You can read the insightful interview here.
The “giant article at the bottom” might seem a bit of an exaggeration if it wasn’t because there are category pages that feature what could be considered entire articles of 1,380 words at the bottom, like the eBay’s “Apple Watches” category page mentioned above, that includes the evolution of the Apple Watch:
So I can definitely see how featuring the evolution of the Apple Watch in a category page could be a bit confusing… not only to Google but to any user that scrolls enough to read it.
Let’s summarize/analyze what John said:
- For Google *it is* useful to have some amount of text in category pages to understand what the page is about (as with any other page!)
- Nonetheless, if the text featured at the bottom of the category pages is a “giant article”, informational content that is not aligned with the commercial nature/intent of the category page, it can confuse Google.
- Because of the previous point: a lot of the text that is currently added in category pages is unnecessary.
How can we optimize categories pages content in an aligned & natural way
Our goal with category pages should be then to feature information that confirms the features/functionalities/USPs of that particular set of products, clarifies any common doubts about them, informs about any existing offers and why/how the user is in the best place to buy them, as a salesperson would do at a physical store at that point in the customer journey.
To develop this content we can use the questions received via the Website customer support system, the searches performed within the site search functionality, the usual keyword research tools and more targeted tools like alsoasked.com.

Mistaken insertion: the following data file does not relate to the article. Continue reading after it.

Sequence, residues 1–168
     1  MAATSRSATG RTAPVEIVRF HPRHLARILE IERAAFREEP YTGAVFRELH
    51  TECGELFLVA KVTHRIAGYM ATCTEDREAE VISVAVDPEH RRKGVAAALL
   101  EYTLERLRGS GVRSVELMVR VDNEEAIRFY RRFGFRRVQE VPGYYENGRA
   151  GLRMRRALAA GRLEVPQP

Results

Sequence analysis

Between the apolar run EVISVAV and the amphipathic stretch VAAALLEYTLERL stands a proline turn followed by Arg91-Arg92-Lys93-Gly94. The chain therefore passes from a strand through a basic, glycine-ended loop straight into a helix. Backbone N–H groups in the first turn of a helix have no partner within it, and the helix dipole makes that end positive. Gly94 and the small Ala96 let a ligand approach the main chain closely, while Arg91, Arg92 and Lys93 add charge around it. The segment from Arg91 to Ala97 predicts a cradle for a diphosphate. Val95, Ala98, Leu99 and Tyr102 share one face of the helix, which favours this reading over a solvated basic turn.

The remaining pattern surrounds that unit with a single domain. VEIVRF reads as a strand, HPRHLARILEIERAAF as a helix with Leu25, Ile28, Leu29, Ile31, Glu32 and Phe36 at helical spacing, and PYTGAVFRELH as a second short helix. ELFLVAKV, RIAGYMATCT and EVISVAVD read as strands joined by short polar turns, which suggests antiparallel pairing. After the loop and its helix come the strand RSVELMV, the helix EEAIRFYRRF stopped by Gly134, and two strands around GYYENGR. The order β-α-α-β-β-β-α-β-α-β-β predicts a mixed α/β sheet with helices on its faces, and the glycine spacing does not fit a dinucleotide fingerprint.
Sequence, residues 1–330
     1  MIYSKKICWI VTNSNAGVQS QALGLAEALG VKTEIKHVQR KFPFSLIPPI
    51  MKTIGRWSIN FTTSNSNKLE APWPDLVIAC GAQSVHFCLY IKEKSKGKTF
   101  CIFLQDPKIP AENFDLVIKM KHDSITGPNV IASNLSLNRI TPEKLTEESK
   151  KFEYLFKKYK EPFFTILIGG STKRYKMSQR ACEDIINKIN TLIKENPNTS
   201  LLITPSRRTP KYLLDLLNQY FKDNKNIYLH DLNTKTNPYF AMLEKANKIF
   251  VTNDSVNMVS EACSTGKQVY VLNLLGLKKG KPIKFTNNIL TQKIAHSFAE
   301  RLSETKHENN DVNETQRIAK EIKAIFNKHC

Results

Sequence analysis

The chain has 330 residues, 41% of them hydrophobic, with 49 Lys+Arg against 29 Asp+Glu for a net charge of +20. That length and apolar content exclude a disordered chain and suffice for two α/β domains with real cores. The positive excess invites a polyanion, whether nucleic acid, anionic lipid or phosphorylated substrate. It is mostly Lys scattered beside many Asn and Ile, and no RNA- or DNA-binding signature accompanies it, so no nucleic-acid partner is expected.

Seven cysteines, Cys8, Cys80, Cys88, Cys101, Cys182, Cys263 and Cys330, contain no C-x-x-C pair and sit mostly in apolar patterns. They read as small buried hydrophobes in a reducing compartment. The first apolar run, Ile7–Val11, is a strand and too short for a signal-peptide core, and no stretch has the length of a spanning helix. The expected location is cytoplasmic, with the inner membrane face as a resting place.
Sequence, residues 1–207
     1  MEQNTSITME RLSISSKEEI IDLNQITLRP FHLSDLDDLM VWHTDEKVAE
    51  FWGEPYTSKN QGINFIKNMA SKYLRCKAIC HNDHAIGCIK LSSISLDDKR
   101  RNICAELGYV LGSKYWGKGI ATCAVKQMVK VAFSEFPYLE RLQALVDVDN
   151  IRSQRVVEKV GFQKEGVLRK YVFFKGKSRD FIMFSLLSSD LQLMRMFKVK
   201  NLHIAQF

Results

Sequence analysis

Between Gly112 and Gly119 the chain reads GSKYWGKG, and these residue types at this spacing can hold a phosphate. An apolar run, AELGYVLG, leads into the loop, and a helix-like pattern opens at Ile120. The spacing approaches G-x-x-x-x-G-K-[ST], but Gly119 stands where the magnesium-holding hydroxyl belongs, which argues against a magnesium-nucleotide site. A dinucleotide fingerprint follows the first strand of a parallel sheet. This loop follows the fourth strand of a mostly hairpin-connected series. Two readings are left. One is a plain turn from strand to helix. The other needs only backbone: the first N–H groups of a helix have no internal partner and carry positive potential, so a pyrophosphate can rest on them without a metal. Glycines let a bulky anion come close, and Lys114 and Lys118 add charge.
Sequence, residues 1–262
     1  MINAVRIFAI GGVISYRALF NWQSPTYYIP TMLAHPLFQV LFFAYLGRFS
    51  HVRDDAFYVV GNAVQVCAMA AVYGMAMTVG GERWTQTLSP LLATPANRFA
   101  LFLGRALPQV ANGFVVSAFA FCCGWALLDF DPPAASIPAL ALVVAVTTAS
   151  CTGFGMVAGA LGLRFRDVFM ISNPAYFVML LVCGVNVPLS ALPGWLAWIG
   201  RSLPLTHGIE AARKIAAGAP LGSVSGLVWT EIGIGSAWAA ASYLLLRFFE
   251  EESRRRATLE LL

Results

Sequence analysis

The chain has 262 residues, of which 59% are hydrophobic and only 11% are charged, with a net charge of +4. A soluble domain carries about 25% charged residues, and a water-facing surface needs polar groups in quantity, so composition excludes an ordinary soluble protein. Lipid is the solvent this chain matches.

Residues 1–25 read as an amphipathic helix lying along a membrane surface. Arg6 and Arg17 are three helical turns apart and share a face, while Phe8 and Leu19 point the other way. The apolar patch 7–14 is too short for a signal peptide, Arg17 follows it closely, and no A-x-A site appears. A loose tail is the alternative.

This type of information will be:
- Aligned with the page commercial nature/intent
- Optimized to address / target users main queries at that point in the customer journey to increase the page relevance towards them
Like this the content can be featured across the category page to support its goal (rather than challenge it) so there won’t be a need to “decrease its visibility” on purpose, ideally running tests to identify the optimal placement, while making the page more relevant towards its targeted search queries without confusing Google about its intent.
Of course, this is easier said than done due to the high number of category/sub-categories/faceted pages that are worthy to be ranked in e-commerce sites that also tend to offer different lines of products of completely heterogenous nature that rely on the same template and organization for all, which is an important constraint.
However, a balance can be reached with a bit of creativity and flexibility with the UI -have I mentioned how designers and content writers should be our BFF along developers?-.
Let’s go through a few E-commerce Categories pages examples
Let’s take a look at a few e-commerce sites category pages that are featuring content that is aligned with the above mentioned characteristics, since besides featuring the products it features content to:
- Confirm to the user what the products they’re looking at are the best at
- Clarify any doubts/concerns regarding the products shared characteristics and usage
- Inform why they’re at the best place to buy these types of products